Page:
Clinton's lead over Trump in the national popular currently exceeds 2.4 million votes, according to the Associated Press.
When asked by ABC's George Stephanopoulos if it is appropriate for Trump to make false statements like that, she said, "Many people are questioning the victory. You got people spending millions of dollars, wasting money and time in the Clinton and [Jill] Stein camp in Wisconsin, Michigan, tried in Pennsylvania to recount. So not everybody has ... accepted the election results."
"But to your question," Conway continued, "the president-elect has been talking to different people including Kris Kobach, [secretary of state] of Kansas, about voting irregularities or the number of illegal votes that may have been cast, and I believe that he bases his information on that."
Asked again by Stephanopoulos if the statement by Trump is true, Conway responded, "Well, he's been receiving information about the irregularities and about the illegal votes, particularly from sources, officials like Kris Kobach as I mentioned, but he is messaging to his supporters and to the rest of the country the way he feels."
Conway said Trump won because he had a message that connects with Americans. Addressing the Americans who did not vote for Trump, Conway said that they now "can't get past the grief, denial and anger stages and into the acceptance stages," which she said "really defies what Secretary Clinton and President Obama themselves had said" about coming together as a nation.
Though Clinton won the popular vote, Conway said Trump will still reach those Americans who did not vote for him, because he will "be the president of all Americans, including those that did not vote for him."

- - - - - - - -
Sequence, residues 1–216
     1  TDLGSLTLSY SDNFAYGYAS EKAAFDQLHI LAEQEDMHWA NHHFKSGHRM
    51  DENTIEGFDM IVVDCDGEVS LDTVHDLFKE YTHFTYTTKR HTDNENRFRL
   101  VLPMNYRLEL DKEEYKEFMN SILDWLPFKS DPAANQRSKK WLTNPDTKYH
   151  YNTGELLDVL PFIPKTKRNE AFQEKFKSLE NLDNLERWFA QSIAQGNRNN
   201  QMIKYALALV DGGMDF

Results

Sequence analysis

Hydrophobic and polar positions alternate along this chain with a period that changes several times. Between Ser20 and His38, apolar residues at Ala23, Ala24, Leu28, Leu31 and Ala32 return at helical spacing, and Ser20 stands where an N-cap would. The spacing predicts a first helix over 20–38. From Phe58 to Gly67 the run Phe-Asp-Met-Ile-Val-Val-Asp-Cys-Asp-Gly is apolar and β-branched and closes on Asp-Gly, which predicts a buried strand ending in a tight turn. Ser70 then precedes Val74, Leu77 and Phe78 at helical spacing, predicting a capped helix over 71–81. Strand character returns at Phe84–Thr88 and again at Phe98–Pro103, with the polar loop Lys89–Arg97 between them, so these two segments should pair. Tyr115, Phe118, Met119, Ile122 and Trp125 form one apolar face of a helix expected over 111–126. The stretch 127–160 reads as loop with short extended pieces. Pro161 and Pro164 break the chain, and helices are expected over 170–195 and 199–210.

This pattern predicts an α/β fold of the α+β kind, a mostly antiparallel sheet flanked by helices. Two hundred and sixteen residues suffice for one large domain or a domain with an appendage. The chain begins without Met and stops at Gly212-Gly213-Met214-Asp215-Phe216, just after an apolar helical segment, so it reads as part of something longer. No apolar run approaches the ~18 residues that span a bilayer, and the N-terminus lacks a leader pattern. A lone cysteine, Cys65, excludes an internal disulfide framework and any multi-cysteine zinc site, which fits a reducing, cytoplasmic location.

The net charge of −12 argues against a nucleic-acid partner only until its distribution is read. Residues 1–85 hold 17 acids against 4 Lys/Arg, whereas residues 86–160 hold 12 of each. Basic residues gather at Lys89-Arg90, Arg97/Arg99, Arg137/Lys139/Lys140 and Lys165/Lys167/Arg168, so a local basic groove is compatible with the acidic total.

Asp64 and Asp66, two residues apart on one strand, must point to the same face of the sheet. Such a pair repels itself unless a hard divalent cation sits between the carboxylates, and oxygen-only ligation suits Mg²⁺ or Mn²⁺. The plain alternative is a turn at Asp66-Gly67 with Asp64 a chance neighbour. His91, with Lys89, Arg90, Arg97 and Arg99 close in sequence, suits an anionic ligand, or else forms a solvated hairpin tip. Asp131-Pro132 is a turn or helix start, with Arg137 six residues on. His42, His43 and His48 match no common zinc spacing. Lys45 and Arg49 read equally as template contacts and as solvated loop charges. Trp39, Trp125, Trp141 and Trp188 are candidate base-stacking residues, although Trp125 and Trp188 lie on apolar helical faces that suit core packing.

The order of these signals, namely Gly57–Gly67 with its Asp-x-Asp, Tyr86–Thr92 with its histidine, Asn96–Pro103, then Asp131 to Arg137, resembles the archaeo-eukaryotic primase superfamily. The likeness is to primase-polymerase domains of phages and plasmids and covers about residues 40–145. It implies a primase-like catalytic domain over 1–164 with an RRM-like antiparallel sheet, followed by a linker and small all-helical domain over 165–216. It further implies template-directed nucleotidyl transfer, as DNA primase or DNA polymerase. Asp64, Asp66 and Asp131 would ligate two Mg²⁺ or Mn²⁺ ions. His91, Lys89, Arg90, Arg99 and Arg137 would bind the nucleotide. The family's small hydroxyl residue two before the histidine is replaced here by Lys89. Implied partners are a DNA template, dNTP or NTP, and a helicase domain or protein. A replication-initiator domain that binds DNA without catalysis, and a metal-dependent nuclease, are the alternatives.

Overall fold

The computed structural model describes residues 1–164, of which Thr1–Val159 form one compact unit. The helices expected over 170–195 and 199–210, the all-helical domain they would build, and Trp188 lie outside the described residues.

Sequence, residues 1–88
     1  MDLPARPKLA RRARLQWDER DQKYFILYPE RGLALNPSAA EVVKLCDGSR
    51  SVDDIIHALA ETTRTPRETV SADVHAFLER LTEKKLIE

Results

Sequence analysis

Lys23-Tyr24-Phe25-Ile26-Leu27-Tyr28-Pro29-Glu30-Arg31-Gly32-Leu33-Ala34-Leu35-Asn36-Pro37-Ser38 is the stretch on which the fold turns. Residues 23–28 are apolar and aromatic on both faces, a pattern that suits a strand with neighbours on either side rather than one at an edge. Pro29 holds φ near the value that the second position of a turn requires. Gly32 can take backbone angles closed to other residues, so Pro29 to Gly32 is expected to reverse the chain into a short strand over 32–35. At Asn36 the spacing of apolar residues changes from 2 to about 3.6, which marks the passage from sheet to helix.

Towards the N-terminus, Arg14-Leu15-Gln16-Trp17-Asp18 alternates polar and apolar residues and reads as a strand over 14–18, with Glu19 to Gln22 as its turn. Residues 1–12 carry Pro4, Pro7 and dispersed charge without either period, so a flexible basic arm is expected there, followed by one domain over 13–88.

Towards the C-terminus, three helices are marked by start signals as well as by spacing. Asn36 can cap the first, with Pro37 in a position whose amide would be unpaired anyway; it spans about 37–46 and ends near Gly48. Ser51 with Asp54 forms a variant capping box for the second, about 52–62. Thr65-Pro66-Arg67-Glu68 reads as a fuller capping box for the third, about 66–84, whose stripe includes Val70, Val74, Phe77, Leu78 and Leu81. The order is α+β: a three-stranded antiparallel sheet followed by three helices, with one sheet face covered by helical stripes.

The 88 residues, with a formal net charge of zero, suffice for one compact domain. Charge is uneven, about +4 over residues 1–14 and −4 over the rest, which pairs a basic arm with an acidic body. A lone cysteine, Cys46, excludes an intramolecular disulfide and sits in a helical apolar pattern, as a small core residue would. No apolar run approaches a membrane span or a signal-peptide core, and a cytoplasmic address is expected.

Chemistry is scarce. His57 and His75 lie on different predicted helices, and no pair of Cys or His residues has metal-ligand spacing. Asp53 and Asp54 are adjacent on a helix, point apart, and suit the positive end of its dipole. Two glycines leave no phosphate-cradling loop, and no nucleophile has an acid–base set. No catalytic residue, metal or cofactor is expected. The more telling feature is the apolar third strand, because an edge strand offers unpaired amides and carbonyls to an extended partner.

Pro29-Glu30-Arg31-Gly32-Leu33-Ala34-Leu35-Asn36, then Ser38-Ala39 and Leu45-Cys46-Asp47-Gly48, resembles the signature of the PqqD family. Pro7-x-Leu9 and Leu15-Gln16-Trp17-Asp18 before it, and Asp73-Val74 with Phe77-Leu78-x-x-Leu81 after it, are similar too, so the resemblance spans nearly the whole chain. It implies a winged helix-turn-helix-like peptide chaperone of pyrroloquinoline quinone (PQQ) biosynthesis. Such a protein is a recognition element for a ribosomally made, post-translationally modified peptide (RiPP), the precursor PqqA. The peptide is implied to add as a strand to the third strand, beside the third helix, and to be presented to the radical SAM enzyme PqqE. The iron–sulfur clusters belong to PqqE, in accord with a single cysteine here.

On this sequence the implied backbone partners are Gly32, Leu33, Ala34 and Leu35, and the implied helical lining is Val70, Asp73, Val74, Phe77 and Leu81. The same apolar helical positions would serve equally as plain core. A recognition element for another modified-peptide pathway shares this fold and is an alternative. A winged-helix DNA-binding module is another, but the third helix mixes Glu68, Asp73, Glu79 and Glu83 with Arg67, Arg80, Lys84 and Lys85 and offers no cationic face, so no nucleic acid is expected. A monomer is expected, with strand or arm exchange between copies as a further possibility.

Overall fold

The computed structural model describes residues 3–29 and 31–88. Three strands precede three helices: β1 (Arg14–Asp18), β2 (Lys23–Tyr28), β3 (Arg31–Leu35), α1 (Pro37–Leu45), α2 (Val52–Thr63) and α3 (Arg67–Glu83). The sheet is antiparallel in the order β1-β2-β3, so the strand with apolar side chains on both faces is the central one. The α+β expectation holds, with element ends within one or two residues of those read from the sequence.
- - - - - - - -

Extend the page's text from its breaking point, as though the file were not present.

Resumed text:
Conway was also asked about Trump's rally in Cincinnati, Ohio, Thursday night, where some Trump supporters chanted in reference to Clinton, "Lock her up."
"That's the way they feel," Conway said, "And there would be officials who are in charge of such things in the Trump administration who may look at that again. But Donald Trump made very clear last week as the president-elect that he's moved on from that. That he's focused on ... more focused on things, like health care, immigration, bringing jobs back."
When Conway was pressed on whether the Trump administration may pursue prosecution against Clinton, Conway replied, "No, I'm not suggesting that at all. That would be something I would not be able to say."
"But reminding everybody what the president-elect said last week," she continued, "He's moving on to focus on the future, not the past and he has said to The New York Times on the record he thinks that the Clintons have suffered enough. Of course, the Department of Justice, the different committees, the FBI perhaps can take a different look, but nobody expects and nobody is talking about that right now."
ABC News' Corinne Cathcart contributed to this report.